Here’s a great video, when the Grateful Dead were invited to perform on Hugh Hefner’s “Playboy After Dark” program in 1969. The merry pranksters dosed the coffee on the set, and shared their psychedelic experience with the more conventional Playboy crowd, prompting Hefner to remark, “Thanks for the gift.”

“It’s a language, that’s all, without words — just the images themselves.”, wrote Art Kleps, an early associate of LSD researcher Timothy Leary, and one of the few to consider LSD in Western philosophical terms. LSD, he argued, lays waste to supernaturalism, since, ironically, much of the LSD experience lies in the realm of the absurd, and there is “no room for the absurd in the cosmologies of the occultists and supernaturalists.” The simple materialism of the lower reaches of scientific thought also had to go: “It is materialism that is destroyed by these overwhelming demonstrations of the limitless power of the imagination, not, necessarily, as those who liked to disparage nihilism and solipsism assume, empricism, logic or honor. It is not one’s experience or character that is intimidated, but only certain abstract concepts about the organization of experience.

Most people come out of LSD trips believing in the oneness of all life, the interconnectedness of things, and from that, the philosophically disposed frequently hit on Jungian synchronicity, the notion that things can be on a non-cause-and-effect basis, as in dreams. “If one’s thesis is that ordinary life is a dream,” wrote Art Kleps, “then anything that can happen in a dream in sleep can happen in waking life also, without disproving the thesis. If you can see that, you can see everything.”

— Excerpt from “A Long Strange Trip”, Dennis McNally

Although not commercially released, the Barton Hall concert at Cornell University (May 8, 1977) was added to the Library of Congress’s National Recording Registry. Here Bob Weir sings “Estimated Prophet” (audio only) with its uncharacteristic 7/4 time signature.

The Grateful Dead flew in the face of convention; most Americans have dismissed them without investigation. Throughout their career they were odds with the corporate mentality, music executives looking for a hit song and a certain image. The Dead focused on the music, and let their sound engineers perfect a stadium-size sound system, no matter the cost. They built their business around the concerts, allowed the tapers to record the shows, and learned to market themselves independently. And please don’t tell me they can’t play. It would be foolish to suggest they possessed the chops of Miles Davis or John Coltrane, but they are early rock practitioners of modal jazz improvisation, not to mention their facility with folk, country and rock and roll. They are one of rock music’s most versatile bands.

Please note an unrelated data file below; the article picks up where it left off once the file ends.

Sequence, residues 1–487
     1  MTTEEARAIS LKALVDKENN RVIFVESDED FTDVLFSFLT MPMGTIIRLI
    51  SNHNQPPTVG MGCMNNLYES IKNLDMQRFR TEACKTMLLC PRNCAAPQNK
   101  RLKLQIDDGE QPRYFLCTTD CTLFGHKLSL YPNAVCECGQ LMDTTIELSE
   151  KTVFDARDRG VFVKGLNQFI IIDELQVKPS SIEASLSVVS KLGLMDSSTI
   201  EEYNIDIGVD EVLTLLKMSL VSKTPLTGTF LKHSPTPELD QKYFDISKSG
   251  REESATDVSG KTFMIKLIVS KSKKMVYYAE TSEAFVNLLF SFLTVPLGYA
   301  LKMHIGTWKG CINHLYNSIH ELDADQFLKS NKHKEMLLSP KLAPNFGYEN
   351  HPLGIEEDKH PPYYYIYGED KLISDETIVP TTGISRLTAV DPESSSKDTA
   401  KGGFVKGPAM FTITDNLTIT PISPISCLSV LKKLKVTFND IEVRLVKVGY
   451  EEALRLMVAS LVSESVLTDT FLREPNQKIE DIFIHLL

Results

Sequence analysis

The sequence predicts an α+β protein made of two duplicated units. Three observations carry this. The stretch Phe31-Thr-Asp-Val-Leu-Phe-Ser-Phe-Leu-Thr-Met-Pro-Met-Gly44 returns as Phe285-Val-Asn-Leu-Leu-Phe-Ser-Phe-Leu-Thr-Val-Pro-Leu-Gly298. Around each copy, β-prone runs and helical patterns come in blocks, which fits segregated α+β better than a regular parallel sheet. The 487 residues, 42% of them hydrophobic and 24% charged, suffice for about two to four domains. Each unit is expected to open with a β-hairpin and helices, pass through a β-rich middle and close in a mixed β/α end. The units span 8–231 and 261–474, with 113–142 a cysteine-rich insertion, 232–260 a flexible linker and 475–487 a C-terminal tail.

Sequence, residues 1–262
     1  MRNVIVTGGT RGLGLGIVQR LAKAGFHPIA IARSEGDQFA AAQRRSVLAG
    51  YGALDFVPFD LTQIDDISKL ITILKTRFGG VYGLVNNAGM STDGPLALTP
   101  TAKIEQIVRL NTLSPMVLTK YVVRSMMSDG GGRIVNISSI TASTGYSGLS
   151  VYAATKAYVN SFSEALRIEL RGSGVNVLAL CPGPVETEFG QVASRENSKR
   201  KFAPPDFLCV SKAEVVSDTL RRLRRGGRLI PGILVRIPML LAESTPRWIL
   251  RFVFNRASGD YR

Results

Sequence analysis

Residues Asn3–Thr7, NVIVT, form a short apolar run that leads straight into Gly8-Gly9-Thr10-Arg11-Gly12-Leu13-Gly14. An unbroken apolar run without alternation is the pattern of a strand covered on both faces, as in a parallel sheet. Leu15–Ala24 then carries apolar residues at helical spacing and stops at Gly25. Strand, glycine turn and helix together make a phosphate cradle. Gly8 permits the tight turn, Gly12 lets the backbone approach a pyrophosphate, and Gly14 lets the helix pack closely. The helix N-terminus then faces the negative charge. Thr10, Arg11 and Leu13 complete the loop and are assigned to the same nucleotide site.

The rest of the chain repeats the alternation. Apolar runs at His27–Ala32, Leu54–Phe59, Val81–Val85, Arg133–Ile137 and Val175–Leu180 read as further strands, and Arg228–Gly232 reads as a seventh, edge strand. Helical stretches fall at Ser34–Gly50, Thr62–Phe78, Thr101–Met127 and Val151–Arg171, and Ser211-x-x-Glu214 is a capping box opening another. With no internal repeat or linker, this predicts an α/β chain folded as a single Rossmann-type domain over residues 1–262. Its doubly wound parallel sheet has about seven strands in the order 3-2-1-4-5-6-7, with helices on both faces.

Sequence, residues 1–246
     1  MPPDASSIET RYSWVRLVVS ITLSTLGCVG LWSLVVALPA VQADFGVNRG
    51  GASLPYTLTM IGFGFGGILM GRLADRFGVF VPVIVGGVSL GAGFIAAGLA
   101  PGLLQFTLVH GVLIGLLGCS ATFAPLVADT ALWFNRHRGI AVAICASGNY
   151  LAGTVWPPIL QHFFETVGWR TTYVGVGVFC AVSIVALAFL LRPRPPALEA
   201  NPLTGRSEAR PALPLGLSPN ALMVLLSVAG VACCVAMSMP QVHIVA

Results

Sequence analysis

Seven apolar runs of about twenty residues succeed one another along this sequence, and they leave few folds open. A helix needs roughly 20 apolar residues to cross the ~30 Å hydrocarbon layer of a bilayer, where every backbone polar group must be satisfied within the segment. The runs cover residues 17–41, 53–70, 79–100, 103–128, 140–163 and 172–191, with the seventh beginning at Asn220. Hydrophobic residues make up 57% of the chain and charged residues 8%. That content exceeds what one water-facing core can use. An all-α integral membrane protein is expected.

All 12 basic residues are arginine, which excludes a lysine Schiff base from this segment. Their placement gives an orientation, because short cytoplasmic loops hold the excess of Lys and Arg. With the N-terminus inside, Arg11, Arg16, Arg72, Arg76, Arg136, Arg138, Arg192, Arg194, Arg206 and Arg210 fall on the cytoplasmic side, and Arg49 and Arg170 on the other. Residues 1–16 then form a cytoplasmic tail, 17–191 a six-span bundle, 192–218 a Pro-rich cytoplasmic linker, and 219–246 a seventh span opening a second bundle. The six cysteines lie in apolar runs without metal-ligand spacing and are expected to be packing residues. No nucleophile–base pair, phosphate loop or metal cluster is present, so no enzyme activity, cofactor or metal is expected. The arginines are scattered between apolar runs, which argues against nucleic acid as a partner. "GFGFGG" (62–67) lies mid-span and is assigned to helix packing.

“Early in 1981 the Dead went to Europe to play a few shows in London and then appear with the Who on the German TV show “Rockpalast”, and while in London Garcia gave one of his most extraordinary interviews. Few patently hostile interviewers get within yards of a star, and rarer still is the star who will tolerate hostility. Garcia found it stimulating. The interviewer, Paul Morley, was a cutting-edge young punk from New Musical Express, and Garcia revolted him. “You’re just a part of a perpetuation of bland, blanketing myths,” said the punk. “Does that disappoint you?” Garcia chuckled. “Naah! I didn’t have any expectations…If you start out expecting to fail and expecting the worst then anything that happens is an improvement over that…we’re just starting.” Does it upset you that I don’t dig you? “No! I don’t give a damn. I would be afraid if if everybody in the world liked us…I don’t want to be responsible for leading the march to wherever. Fuck that. It’s already been done and the world hates it…a combination of music and the psychedelic experience taught me to fear power. I mean fear it and hate it…First of all, I don’t think of myself as an adult. An adult is someone who’s made up their mind. When I go through airports the people who have their thing together, who are clean, well-groomed, who have tailored clothes, who have their whole material thing together, these people are adults. They’ve made a decision to follow those routines…I would say that I was part of a prolonged adolescence. I think our whole scene is that…I feel like someone who is constantly on the verge of losing it, or blowing it. I feel tremendously insecure.” “My heated irrationality bumps into Garcia’s sheer reasonableness,” wrote Morley, and it was true. Garcia’s egoless interest in authentic communication, even when it involved mocking him, made for one of the more fascinating encounters in rock journalism.